Doesn’t that look suspiciously like a FREE MOTION QUILTING design? Oh yes it’s as easy as following the grey lines. I can attest that this gives a lovely quilted effect to your projects. It’s also a really good way to try out free motion quilting (FMQ) and get used to the movements. You still need a FMQ foot for your machine and the ability to lower your presser feet but I think most machines have those options now.

FMQ using KRÅKRIS blanket ikea

Here you can kind of see the design on this Christmas WIP that’s been on the go since October. Apparently even with time-saving cheats I still struggle with finishing things.

christmas quilt

The KRÅKRIS blanket is really an excellent tool if you’re just dipping your toe into the quilting waters and I can’t recommend it enough for wadding. I’m by no means a proper or even good quilter but I can put together a pretty decent blanket now and I owe it all to this little trick!

Handmade Summer Wardrobe

Soooo.. I know it’s only March but I’m starting to pull together my holiday wardrobe! What can I say? When you’re planning to make everything you need plenty of time to get your act together. As of last Thursday I have 3 trips planned this summer; one to Turkey with Ian and my family for my mum’s Birthday, one to Spain with my girls and then a 5 day trip to Marrakesh with Ian again and our Uni friends. 3 VERY different experiences but I’m hoping they won’t require separate wardrobes. I would love to say that everything going in my suitcase will be handmade but that’s just completely unrealistic for me. What I will commit to is making some dresses, skirts and maybe some swimwear. I’ve started to pull a Pinterest board (shock) together with some ideas so here is my handmade summer wardrobe ‘want’ list.

06_062_Delphi_Layered_Maxi_Dress

Named Patterns Delphine Maxi: There’s something about this maxi dress which really appeals to me! This is from the Named SS15 Ticket collection and I’ve heard good things about their other patterns so hopefully this will turn out well! I’m planning on making up a wearable muslin in some wild lilac jersey for starters. My only concern is that the flounce(?) at the top with do my chest no favours, but we can all live in hope.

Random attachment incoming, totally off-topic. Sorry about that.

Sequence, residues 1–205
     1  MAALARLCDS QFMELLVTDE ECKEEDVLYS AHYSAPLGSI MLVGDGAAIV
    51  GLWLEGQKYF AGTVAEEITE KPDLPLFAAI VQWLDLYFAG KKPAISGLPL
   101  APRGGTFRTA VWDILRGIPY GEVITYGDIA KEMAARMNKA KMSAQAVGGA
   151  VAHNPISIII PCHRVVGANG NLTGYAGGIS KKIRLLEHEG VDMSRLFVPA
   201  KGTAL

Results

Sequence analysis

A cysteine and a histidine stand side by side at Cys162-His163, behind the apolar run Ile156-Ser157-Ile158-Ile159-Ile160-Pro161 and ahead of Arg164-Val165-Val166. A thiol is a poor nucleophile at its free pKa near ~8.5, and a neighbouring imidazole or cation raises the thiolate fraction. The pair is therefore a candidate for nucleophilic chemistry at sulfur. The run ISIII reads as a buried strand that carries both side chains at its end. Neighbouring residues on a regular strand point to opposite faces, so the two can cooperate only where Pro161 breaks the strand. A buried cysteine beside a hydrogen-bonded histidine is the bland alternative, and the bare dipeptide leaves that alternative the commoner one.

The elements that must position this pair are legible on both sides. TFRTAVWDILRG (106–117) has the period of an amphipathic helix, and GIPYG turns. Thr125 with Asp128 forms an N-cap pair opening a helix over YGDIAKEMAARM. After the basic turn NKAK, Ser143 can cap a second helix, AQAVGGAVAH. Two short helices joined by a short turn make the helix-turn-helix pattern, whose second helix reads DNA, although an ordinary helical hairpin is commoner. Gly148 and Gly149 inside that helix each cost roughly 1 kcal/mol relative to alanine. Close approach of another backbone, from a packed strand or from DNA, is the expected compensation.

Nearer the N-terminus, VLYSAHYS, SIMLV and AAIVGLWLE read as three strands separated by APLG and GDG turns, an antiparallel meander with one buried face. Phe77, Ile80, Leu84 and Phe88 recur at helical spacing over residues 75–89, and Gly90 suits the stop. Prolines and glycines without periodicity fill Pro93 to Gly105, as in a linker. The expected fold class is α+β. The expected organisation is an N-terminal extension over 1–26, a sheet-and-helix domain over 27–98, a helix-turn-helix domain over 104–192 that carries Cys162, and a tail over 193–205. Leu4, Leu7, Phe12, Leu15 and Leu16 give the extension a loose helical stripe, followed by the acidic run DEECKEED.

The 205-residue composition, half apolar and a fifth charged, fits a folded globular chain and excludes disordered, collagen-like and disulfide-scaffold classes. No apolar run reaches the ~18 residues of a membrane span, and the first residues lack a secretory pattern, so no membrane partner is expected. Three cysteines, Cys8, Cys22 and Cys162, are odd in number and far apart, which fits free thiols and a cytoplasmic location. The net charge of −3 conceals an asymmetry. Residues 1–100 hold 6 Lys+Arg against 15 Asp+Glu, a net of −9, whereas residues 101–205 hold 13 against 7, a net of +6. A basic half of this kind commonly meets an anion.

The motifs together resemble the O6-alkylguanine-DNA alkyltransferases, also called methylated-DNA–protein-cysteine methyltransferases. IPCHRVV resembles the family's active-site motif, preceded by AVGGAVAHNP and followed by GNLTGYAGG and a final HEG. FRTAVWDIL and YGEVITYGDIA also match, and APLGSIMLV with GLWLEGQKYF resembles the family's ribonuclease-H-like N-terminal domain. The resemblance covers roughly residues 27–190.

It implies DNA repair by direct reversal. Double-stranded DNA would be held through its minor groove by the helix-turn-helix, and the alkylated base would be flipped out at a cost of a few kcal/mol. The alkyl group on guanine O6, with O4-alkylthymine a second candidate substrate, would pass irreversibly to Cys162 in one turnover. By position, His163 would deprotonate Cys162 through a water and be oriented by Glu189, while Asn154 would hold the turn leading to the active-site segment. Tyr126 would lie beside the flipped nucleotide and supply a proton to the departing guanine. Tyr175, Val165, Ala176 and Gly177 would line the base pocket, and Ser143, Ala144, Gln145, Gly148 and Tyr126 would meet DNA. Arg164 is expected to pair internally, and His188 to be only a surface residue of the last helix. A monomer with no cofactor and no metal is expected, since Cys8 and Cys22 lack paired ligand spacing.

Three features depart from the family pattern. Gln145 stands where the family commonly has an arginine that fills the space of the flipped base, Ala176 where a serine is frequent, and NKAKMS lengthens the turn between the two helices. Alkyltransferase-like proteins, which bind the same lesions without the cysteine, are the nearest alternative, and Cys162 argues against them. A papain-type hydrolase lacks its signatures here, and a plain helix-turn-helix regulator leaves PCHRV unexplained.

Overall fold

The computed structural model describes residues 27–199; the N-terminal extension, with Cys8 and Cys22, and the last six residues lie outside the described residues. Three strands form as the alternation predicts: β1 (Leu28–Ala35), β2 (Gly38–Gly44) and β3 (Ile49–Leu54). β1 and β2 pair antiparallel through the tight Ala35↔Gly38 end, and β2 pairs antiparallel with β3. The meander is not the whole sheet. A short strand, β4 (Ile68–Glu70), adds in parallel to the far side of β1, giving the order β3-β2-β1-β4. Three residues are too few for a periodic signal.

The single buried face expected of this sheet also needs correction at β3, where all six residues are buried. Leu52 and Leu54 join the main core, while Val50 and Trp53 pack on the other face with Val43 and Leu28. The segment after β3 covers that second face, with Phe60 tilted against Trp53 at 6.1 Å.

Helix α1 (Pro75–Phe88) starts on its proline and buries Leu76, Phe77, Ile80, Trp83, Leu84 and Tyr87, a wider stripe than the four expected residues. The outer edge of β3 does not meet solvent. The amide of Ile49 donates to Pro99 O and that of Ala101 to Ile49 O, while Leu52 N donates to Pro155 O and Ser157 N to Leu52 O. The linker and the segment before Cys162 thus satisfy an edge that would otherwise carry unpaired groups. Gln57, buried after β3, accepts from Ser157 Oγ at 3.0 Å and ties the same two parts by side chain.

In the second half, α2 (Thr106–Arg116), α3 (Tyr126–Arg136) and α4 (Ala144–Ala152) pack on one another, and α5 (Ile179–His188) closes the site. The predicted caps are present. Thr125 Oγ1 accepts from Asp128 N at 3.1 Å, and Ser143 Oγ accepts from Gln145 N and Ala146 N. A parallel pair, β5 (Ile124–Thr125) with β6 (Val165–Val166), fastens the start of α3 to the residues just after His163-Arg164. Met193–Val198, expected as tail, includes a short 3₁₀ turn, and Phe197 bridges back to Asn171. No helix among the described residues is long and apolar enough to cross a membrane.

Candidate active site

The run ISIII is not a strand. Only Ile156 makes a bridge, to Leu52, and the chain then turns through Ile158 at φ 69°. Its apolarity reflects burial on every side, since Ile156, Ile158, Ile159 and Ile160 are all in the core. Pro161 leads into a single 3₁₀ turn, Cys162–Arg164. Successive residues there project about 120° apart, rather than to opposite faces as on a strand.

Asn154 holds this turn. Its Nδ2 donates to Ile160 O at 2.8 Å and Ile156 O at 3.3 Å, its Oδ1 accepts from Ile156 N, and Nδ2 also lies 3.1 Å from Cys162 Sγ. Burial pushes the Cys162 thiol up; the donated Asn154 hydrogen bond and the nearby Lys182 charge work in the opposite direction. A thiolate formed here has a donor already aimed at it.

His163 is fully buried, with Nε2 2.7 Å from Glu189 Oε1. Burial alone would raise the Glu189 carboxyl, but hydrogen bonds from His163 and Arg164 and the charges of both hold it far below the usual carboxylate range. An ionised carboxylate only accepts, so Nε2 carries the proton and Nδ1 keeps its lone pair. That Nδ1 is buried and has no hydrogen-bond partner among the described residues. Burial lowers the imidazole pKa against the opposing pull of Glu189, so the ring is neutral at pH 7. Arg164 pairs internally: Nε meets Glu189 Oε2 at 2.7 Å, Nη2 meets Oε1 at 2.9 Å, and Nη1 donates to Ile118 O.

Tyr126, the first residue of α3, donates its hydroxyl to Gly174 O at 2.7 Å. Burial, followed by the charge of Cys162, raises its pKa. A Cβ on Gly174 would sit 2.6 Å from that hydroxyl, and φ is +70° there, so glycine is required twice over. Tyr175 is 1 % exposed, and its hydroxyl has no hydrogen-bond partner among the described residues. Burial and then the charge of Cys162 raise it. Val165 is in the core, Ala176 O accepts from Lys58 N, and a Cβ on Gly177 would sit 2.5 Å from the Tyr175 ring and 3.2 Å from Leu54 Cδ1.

143_Pleated_color_block_skirt_pattern_grande

Salme Patterns Pleated Skirt Skirt: This is one piece of clothing that I’ve been tryig to buy on the High Street for about a year now with absolutely no luck. All I want is a pleated skirt which goes past my knees which doesn’t leave me looking like a troll-bag-lady. When RTW fails, make your own! After my (yet to be blogged) success with the Salme Kimono pattern, I have high hopes for this one! My goal is to add a sheer panel above the colour-blocked portion of the skirt cause I’m fancy like that.

113_playsuit_1_grande

Salme Patterns Playsuit: Another Salme Pattern! My first tryst with a playsuit was not a successful one but I’m having another go with hindsight and better fabric choice on my side. There’s something about this black version that’s right up my alley! Although not a typical summer hue, I just wouldn’t feel right without bringing my inner monochrome fiend along for the ride.

mission-maxi-cover_1024x1024

Jamie Christina Mission Maxi: Oh yes, another maxi dress! Simple and VERY wearable. Even if my Delphine maxi turns out to be the most flattering frock I’ve ever made, I’ll still be making up this pattern and possibly hacking it into a maxi skirt too!

CloverDressPic_a065a24a-ff70-45c6-b6ff-7c2a48a838b7_large

Papercut Patterns Clover Dress: I’ve been eyeing up this dress for a while so it only seems right to add it to my summer list. No idea what fabric I’ll use but you can bet there’ll be a contrast piece for that V.

M6696a

Misses’ M6696 Shirt Dress: This pattern is really only going to happen if all the stars align and I have oodles of time on my hands. I’ve never made a shirt dress, or a shirt for that matter, so there will be A LOT of fitting involved. Thankfully my order of Swedish tracing paper arrived last week so if I get round to making this beauty that will be a god-send!

view_b_grande

Closet Case Files Bombshell Swimsuit: This final number is definitely not set in stone for a couple of reasons. 1. I’m not sure if I could make a one piece better than the ones I already own. 2. I’m not totally sold on the actual shape of the suit and how far it comes down over your thighs. I would like to try making swimwear but it’s not absolutely necessary for this summer so it’s on this list as a definite maybe.

I can almost guarantee that this list will change (not even included any shorts) but this is how it stands right now. Now that my Sew Your Own Wardrobe series is coming to an end, I’m excited to get started!

Sew Your Own Wardrobe: Colette Moneta Reveal

The Colette Moneta dress is finished! Well, I have a confession… I actually finished this on the 31st of October! I really wanted to wear this frock on our recent trip to London so I brought it to the front of the pile and am I glad I did. I’m still classing it as my November make because it’s first outing was on the 1st November and I honestly have no time to make anything else this month! I can’t begin to tell you how happy I am with this dress and I think it turned out really well.